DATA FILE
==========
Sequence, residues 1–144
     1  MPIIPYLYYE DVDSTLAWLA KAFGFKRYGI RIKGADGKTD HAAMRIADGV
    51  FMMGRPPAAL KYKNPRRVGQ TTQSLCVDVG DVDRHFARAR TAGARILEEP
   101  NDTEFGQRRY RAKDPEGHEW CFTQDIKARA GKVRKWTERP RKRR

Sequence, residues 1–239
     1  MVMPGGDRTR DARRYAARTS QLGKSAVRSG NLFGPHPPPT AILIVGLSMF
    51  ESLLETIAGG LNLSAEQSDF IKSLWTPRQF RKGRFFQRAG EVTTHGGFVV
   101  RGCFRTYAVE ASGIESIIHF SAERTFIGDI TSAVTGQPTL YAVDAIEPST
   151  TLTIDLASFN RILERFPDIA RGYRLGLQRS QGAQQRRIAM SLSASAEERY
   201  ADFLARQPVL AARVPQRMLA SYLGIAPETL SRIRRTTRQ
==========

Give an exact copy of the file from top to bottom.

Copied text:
Sequence, residues 1–144
     1  MPIIPYLYYE DVDSTLAWLA KAFGFKRYGI RIKGADGKTD HAAMRIADGV
    51  FMMGRPPAAL KYKNPRRVGQ TTQSLCVDVG DVDRHFARAR TAGARILEEP
   101  NDTEFGQRRY RAKDPEGHEW CFTQDIKARA GKVRKWTERP RKRR

Sequence, residues 1–239
     1  MVMPGGDRTR DARRYAARTS QLGKSAVRSG NLFGPHPPPT AILIVGLSMF
    51  ESLLETIAGG LNLSAEQSDF IKSLWTPRQF RKGRFFQRAG EVTTHGGFVV
   101  RGCFRTYAVE ASGIESIIHF SAERTFIGDI TSAVTGQPTL YAVDAIEPST
   151  TLTIDLASFN RILERFPDIA RGYRLGLQRS QGAQQRRIAM SLSASAEERY
   201  ADFLARQPVL AARVPQRMLA SYLGIAPETL SRIRRTTRQ